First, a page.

But he is positive about other ways in which connectivity can be enhanced through digital means: “15 years ago, communicating with eight million members was a very costly business. A business that probably would have filled a train-load with letters. We don’t have email addresses for all our members, in fact we have email address for far fewer members than I would have expected. But there are new ways now of establishing the views of Group members, which is ultimately about creating a deeper and richer relationship with them.”

The Co-operative Group’s external funding arrangements will be on the minds of those co-ops that are supported in this way. “We have to make decisions about value on the high street, such as pricing,” he says. “We have to make decisions about how much we invest in the business in improving and growing the estate, in advertising and IT; we have to make decisions about dividends; and the good causes we support, including affiliated bodies. In as much as we have less resources, those are the places something will have to give.

“The recapitalisation of the Bank has cost real money, money that is no longer available to support our operating units and higher purposes. The Bank misadventure has been costly and the board is now having to confront some challenging questions about priorities and focus. The board has to ask itself ‘what were we doing? How accountable are we for not exercising an appropriate accountability?’ There is no hiding from the fact that the Group has experienced one the largest commercial failures ever reported by a UK enterprise.”

How members can take part

The move towards the Group’s deeper relationship with members is being demonstrated already by member involvement in Lord Myners’ review through various mechanisms. Those on area committees and regional boards will be holding their own debates and formulating responses, while ordinary members are being invited to respond to the terms of reference through a special website ( Comments Lord Myners: “Members don’t have to respond or write ideas on every point and aren’t restricted to one response – they can respond multiple times as and when they have a further idea. I want to be, above all else, open to the membership, as that is consistent with our goals and values as a co-op”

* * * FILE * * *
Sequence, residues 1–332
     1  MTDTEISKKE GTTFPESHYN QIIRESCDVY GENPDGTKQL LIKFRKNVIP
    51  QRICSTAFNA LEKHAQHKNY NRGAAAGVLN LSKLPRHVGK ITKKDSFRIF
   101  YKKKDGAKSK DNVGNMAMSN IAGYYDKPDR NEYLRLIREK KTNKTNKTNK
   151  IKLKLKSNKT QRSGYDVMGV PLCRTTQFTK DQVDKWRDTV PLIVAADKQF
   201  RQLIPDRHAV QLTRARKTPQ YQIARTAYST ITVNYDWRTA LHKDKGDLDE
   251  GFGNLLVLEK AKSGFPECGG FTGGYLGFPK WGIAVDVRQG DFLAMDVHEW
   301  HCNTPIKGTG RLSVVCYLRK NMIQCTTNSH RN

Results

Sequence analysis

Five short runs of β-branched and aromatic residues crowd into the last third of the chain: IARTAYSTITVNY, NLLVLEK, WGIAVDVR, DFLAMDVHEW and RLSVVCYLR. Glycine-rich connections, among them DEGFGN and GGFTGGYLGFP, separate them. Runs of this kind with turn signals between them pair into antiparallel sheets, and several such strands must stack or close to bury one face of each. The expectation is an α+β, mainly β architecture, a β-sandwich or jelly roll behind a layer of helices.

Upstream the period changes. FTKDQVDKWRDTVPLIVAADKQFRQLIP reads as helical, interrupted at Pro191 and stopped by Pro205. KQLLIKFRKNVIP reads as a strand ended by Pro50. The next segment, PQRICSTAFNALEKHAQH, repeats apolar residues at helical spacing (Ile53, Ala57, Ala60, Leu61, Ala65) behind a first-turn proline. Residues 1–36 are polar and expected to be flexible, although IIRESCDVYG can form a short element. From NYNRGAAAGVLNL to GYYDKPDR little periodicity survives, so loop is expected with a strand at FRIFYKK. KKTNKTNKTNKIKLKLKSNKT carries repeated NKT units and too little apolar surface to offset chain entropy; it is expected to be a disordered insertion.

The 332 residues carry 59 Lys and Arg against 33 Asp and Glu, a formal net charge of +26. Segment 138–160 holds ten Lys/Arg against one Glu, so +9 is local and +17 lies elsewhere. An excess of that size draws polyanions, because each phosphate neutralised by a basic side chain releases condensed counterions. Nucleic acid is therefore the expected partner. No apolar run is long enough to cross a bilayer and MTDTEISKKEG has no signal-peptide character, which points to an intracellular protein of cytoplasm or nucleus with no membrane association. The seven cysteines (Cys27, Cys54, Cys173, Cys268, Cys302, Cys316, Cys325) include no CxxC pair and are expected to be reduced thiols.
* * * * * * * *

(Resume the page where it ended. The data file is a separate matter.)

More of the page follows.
What types of ideas is Lord Myners looking for? “I am open to new and fresh ideas, but I expect a lot of the evidence I get from my meetings and responses to the website will stay within a fairly set footprint of ‘well this is how we can make this structure better’. “Am I open to radical ideas? Yes, I am. It all depends what you describe as radical of course, but the message that I want to convey is that the Myners Review into the governance of the Co-op, in accordance with the traditions of the co-op, wants to be open, transparent and accepting of radicalism as the Rochdale Pioneers were in originally establishing this great movement. It would be a great shame if the co-operative ceased to be a radical organisation.

As well as wanting to hear from employees of the Group in the review, Lord Myners is keen to hear from the wider co-operative sector about experiences with governance. “It is quite important to emphasise that co-ops and mutuals are not the same,” he says, “so I am looking at successful co-operatives elsewhere in the world.